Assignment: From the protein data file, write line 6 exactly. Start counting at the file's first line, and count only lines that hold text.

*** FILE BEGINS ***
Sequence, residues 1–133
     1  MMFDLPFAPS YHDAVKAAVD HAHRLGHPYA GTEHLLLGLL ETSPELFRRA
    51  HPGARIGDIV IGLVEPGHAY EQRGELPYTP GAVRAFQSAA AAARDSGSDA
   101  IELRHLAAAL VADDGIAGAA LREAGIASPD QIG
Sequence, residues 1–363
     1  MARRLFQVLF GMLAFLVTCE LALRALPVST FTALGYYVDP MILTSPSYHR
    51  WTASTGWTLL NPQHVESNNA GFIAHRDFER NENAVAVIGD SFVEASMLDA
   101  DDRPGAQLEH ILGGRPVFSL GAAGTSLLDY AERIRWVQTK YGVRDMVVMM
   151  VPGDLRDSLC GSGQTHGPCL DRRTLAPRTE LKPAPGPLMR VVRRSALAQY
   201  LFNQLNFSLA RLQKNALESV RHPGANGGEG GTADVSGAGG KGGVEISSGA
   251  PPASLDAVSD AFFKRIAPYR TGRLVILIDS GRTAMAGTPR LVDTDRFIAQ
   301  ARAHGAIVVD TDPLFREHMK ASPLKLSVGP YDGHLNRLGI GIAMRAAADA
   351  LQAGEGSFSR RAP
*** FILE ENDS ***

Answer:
     1  MARRLFQVLF GMLAFLVTCE LALRALPVST FTALGYYVDP MILTSPSYHR